A “super sento,” there are eight types of pools here, as well as a variety of dry baths i.e. sand baths, heated rooms, hot stone beds, etc. Unlike traditional sentos, Ofuro no Osama opens early in the morning too, at 9.30 am to be precise. This means you could refresh yourself here, right after arriving in Tokyo from an overnight flight.
Like other such modernized bathing houses, Ofuro no Osama also has a dining area as well as a variety of body care services. If you have the budget and time, how about enjoying an akasuri (あかすり) body scrub before soaking in the pools? This indulgence will surely remove all travel fatigue from you, and prepare you for unforgettable adventures.
Located away from downtown Tokyo, Okada-yu in the Adachi District is notable for its homely ambiance.
As in, entering this sento is akin to stepping into someone’s Scandinavian-themed home, one that comes with a spacious and naturally lit lounge. The baths themselves are also varied. There are round baths in a home garden-like setting. There are also herb jet baths to rejuvenate visitors with the power of nature.
As for the location, Adachi doesn’t feature any major Tokyo attractions but is nonetheless still home to a collection of entertaining sights for children. For example, the Adachi Park of Little Things and the Yokai-themed Kuritsu Toneriikiiki Playground. Young families could thus enjoy a fun day in the vicinity, before visiting Okada-yu.
Another gem in Meguro, Komeisen is notable for two things. Its unusual entrance artwork. And its beautiful rooftop pool.
The latter wouldn’t offer you any sprawling city views of the world’s largest city, but the rustic, wood-heavy design still makes it’s a splendid location to relax at. Other than this key attraction, Komeisen also has different indoor baths and a sauna. Making it on the whole, one of the best sentos in Tokyo to rejuvenate yourself at.
Incidentally, the nearby Naka Meguro Station is surrounded by numerous small shops and eateries. Do consider ending your day with a meal or a drink here, after a thorough soak.
Some purists would not consider Spa Laqua a sento, given its size. However, if you’re at Tokyo Dome City and are worn out by shopping, or thrilling rides, this is the oasis to head to.
A key attraction of Tokyo Dome City, this spacious and modern bathing complex has various well-maintained zones for you to rejuvenate at. The Spa Zone features traditional outdoor bathing and an assortment of pools with natural onsen water. On the other hand, the adults-only Healing Baden Zone has a variety of saunas and lower temperature relaxation rooms, including a ladies-only sauna and a relaxation area made of Maifan Stone.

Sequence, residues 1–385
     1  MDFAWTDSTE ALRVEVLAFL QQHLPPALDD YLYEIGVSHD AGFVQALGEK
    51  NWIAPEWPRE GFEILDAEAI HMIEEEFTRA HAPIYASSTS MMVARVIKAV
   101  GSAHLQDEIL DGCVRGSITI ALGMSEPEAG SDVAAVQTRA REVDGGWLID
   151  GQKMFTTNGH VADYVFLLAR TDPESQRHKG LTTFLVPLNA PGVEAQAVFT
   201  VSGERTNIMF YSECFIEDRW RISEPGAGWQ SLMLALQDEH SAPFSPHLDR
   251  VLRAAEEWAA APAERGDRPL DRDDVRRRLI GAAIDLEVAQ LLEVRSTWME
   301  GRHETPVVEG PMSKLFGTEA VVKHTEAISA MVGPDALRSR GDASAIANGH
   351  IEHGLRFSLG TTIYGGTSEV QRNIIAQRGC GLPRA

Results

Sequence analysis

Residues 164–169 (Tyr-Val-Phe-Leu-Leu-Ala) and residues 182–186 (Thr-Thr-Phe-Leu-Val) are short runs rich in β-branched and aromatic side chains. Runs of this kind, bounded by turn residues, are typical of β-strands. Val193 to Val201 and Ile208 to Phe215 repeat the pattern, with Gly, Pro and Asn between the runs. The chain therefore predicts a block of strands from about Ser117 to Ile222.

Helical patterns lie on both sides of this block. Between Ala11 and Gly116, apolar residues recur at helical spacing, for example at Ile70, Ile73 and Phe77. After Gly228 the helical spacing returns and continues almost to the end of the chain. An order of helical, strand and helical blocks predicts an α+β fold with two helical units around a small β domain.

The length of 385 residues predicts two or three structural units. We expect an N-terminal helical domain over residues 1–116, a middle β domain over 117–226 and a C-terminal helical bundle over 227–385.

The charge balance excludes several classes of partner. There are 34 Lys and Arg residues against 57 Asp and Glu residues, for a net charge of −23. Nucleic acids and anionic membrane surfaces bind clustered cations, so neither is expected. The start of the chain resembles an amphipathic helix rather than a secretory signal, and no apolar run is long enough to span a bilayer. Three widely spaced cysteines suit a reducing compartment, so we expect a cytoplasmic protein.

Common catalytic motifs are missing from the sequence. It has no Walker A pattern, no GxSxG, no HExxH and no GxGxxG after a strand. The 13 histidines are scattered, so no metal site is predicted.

Naturally, a plethora of esthetic treatments and dining options are also available to complete your visit. Last but not least, the 7th floor has an open-air area with views of the rides of the Dome City. You can relax here while watching other travelers entertain themselves on those exhilarating rides.
Oedo Onsen Monogatari (大江戸温泉物語)
Purists would not consider the famous Oedo Onsen Monogatari resort at Odaiba a sento, given its size and its nature as a travel attraction.
However, this “bathing theme park” is undoubtedly an evolved form of the classic Japanese bathhouse, and loads of fun for visitors willing to let their hair down. Apart from a variety of large indoor and outdoor pools, there’s a massive garden, several F&B establishments, and overnight accommodation. For pet lovers, there’s also a devoted resort/bathing area for dogs.
Every entry ticket even comes with a choice of colorful yukata to wear while in the resort!
What’s more, a vibrant festive area is right before the bathing facilities, one that’s full of traditional matsuri games and snacks. Before or after bathing, you could check out the stalls while donning your chosen yukata i.e. indulge in the illusion that you are in a festive Japanese village. For me, a night at Oedo Onsen Monogatari is always the perfect end to a holiday in Tokyo.
Oedo Onsen Monogatari has permanently closed on September 5th, 2021 – More details
How to Enjoy a Sento
There are certain “rules” to observe when visiting a sento. Do not be put off, though. All are simple and straight-forward.
- Deposit your footwear at special locker boxes after entering.
- Tickets at smaller sentos are usually sold via vending machines. Nowadays, many would have English words.
- An undressing i.e. locker area always precedes the actual baths. You can use any vacant locker.
- Always wash yourself clean before entering the pools. Do not enter when soapy. Do not wash yourself or your hair in the pools too!
- In the case of special baths such as those with mineral-infused water, it is recommended not to wash yourself again after soaking. However, this depends on your preference.
- Do note that many sentos keep their pools very hot! If you’re unused to this, enter slowly.
- Lastly, many Japanese consider it a must to drink chilled fresh milk after a soak. Bottles of this are thus often sold via vending machines.
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A devoted solo traveler from Singapore who has loved Japan since young. His first visits to the country were all because of video game and Manga homages. Today, he still visits for the same reasons, in addition to enjoying Japan’s culture, history, and hot springs.